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Sen. Johnson issues first post-illness statement

The Democratic senator who suffered a life-threatening brain hemorrhage three months ago is seen in pictures being released by his office.
Sen. Tim Johnson, D-S.D., (right), seen with his wife, Barbara, is expected to take several months to recover from surgery, following a brain hemorrhage.
Sen. Tim Johnson, D-S.D., (right), seen with his wife, Barbara, is expected to take several months to recover from surgery, following a brain
/ Source: The Associated Press

Sen. Tim Johnson issued his first public statement Tuesday since suffering a life-threatening brain hemorrhage three months ago, and his office released the first photos of the Democratic senator since he became ill.

"I want to thank the people of South Dakota and all of our dear friends for their support and prayers," Johnson said in a statement released by his office. "This has been an unexpected journey and there is a long road in front of me. I am determined and focused on my recovery, and I look forward to returning to the Senate on behalf of South Dakota."

Johnson's illness and ensuing absence from the Senate have highlighted his party's tenuous one-seat advantage in the chamber. He has been recovering at a private rehabilitation facility since leaving George Washington University Hospital last month. Johnson's office has said his recovery is expected to take several months, though he has been doing some work from his bed.

'Ready to address people back home'
The photos, which were taken Sunday and posted on Johnson's Web site Tuesday, show Johnson in his room and outside at the unidentified facility, where he has been undergoing physical, occupational and speech therapy. Part of the therapy has been to deal with weakness on his right side.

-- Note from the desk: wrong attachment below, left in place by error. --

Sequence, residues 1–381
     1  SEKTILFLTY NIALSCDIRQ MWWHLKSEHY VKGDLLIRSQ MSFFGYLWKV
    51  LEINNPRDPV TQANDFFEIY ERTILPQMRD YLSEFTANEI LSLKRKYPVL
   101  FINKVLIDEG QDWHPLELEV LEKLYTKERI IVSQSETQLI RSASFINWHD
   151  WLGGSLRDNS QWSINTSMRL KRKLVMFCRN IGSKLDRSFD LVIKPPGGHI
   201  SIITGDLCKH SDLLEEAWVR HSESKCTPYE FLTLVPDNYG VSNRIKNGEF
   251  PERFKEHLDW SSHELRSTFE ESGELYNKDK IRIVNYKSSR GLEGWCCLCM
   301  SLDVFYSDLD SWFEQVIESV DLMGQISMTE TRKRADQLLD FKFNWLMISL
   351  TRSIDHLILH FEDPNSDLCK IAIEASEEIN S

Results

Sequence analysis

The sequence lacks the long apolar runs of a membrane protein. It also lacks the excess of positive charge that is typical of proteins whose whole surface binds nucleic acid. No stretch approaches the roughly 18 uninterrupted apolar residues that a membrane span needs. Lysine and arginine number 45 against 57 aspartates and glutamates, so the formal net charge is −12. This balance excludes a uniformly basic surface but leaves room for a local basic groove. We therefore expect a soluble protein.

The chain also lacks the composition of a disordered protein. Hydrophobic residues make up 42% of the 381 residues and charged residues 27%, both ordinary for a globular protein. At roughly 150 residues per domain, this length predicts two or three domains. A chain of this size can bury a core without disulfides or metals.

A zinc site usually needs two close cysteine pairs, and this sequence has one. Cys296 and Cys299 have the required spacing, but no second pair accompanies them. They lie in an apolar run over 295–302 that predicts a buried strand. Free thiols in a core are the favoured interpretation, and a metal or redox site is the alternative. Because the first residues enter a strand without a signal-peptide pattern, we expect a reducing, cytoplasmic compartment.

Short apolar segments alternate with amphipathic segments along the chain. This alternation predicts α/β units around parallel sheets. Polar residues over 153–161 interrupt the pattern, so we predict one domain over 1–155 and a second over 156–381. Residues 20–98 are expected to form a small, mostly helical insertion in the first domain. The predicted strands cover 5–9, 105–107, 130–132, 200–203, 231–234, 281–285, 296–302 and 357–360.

The photos show Johnson looking much the same as he did before the surgery, though a few pounds lighter and in a wheelchair. In one photo, Johnson is wearing casual clothes and smiling as he reads The Washington Post. In others, he is visiting with family members.

Julianne Fisher, a spokeswoman for Johnson, said the statement was drafted by staff and reviewed and edited by the senator.

"He was at a point when he was ready to address people back home, and he asked for a draft of a statement, and we went through our normal process for review," she said.

Johnson was rushed to the hospital on Dec. 13 after becoming disoriented during a phone call with reporters and underwent emergency surgery hours later. He was diagnosed with arteriovenous malformation, a condition that causes arteries and veins to grow abnormally large, become tangled and sometimes burst.

He was sedated and on a ventilator for several weeks due to fluid that developed in his lungs as a result of the initial hemorrhage. He was upgraded from critical to fair condition on Jan. 9.

Johnson is up for re-election in 2008 and could face a tough race if he runs again in Republican-leaning South Dakota.